By David Brand
A coalition of criminal justice reform advocates will rally outside Gov. Andrew Cuomo’s New York City office Thursday to urge the governor to appoint more commissioners to the state parole board, which is less than two-thirds full.
The state Parole Board has space for 19 commissioners, but only 12 people serve on the board.
Advocates from the Release Aging People in Prison/RAPP Campaign and Parole Preparation Project say understaffing means fewer incarcerated New Yorkers, especially older adults, have a fair shot at a comprehensive case review and hearing. The state receives about 12,000 parole applications per year.
“Such staffing levels lead to repeated postponements and shorter interviews, less time for individualized evaluations of parole applicants and their files, and other administrative challenges,” said the Black, Puerto Rican, Hispanic and Asian Caucus in the Legislature in a letter to Cuomo last month. “These conditions have devastating consequences for incarcerated New Yorkers, as many seeking parole are aging and infirm and cannot afford to wait any longer for their appearances.”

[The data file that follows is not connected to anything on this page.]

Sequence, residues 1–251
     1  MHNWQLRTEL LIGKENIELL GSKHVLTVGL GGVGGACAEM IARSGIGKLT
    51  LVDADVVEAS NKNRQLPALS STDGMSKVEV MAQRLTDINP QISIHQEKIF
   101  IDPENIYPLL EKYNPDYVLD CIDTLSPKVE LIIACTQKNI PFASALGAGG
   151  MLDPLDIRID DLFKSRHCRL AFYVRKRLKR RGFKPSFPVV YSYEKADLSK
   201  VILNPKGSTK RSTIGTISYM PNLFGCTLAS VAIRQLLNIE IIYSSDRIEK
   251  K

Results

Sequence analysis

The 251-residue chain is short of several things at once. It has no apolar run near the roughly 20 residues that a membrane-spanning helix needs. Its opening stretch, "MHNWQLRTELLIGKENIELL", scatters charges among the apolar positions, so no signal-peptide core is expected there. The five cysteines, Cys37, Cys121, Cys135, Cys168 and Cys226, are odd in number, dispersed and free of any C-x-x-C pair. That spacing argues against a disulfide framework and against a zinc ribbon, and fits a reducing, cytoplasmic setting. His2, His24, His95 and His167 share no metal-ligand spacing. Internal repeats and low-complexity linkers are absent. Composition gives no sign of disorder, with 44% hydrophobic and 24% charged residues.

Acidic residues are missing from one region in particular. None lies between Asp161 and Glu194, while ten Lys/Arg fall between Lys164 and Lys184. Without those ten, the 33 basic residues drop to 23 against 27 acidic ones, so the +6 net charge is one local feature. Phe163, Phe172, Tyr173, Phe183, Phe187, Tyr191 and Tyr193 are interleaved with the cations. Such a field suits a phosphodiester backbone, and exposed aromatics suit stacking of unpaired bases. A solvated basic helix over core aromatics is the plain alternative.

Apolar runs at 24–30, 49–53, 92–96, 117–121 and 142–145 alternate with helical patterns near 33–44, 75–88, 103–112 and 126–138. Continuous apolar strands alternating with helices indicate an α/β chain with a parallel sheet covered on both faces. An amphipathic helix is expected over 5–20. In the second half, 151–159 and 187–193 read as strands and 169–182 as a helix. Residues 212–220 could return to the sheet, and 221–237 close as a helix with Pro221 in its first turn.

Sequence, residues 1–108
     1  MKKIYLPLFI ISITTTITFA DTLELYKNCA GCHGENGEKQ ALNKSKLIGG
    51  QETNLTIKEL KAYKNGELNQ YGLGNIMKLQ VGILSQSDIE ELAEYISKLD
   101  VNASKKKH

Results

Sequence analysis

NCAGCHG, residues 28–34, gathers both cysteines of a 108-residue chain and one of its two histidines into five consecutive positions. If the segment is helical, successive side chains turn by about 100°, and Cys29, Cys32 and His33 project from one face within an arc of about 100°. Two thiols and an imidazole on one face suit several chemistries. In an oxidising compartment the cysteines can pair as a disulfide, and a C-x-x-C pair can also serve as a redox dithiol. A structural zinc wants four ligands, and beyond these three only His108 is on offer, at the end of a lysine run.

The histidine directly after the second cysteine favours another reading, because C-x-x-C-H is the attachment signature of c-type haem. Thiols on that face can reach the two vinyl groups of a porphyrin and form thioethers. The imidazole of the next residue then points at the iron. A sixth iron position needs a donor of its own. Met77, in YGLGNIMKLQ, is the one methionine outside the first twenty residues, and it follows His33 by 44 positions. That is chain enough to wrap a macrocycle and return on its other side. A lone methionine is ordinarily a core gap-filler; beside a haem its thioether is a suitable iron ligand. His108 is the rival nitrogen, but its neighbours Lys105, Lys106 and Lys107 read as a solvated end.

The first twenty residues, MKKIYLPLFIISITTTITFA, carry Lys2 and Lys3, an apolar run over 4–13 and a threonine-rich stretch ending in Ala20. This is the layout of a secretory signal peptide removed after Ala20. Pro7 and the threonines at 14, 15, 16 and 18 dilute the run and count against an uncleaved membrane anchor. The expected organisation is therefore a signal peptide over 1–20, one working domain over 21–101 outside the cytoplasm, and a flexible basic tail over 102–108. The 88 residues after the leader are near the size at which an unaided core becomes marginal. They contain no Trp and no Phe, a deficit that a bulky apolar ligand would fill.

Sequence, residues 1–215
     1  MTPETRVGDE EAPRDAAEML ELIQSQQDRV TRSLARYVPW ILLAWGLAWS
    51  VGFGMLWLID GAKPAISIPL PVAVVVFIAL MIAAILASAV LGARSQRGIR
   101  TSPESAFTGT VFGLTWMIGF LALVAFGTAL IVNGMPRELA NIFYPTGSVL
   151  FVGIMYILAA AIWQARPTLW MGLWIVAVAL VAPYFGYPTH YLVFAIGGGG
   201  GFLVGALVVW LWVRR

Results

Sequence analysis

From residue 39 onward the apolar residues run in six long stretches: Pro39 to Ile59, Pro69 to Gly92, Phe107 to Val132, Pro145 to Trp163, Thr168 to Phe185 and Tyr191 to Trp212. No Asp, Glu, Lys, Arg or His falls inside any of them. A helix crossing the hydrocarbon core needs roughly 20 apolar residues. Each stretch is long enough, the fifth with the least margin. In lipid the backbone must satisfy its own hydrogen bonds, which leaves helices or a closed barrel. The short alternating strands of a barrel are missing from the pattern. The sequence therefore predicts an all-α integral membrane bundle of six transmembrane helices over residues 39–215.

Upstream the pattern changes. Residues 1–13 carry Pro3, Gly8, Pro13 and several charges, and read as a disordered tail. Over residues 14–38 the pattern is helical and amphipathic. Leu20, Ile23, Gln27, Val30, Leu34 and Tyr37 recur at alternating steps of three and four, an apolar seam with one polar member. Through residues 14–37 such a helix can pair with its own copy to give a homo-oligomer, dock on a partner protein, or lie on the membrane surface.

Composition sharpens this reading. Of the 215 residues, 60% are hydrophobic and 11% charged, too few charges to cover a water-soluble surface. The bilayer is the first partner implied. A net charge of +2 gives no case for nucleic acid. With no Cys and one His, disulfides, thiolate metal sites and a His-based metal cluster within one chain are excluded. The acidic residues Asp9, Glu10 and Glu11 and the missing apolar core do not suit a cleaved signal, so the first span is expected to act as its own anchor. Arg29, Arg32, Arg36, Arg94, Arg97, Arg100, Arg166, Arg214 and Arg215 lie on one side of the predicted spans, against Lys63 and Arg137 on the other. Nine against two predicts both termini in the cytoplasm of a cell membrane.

Demonstrators will also urge Cuomo to appoint reform-minded commissioners from diverse fields such as social work, psychology and behavioral science.
Last week, State Sen. Brad Hoylman and RAPP director Jose Saldana wrote an op-ed in the Albany Times Union encouraging state lawmakers to consider legislation that would release older adults who have served lengthy prison sentences.
“New York's new death penalty is death-by-incarceration,” Hoylman and Saldana wrote. “[Criminal justice] reforms must also fix a system that keeps older people languishing in jail cells for decades, long after they've been rehabilitated at great cost to human dignity, taxpayers, and the credibility of the justice system.”
Hoylman and Saldana specifically focused on the case of Stanley Bellamy, a 57-year-old Corona resident who was sentenced to 62 1/2 years in prison for his role in a 1985 murder. In December, the Eagle wrote about how Bellamy has turned his life around, becoming a mentor and leader behind bars. He is not eligible for parole until 2048.
“If we are serious about addressing mass incarceration, we have to ask, ‘How much time should someone serve for violent act?’” CUNY Criminal Defense clinic director Steve Zeidman told the Eagle. “A lot of students who want to represent poor people accused of crimes grapple with the fact that [people] are not just [imprisoned for] marijuana sales.”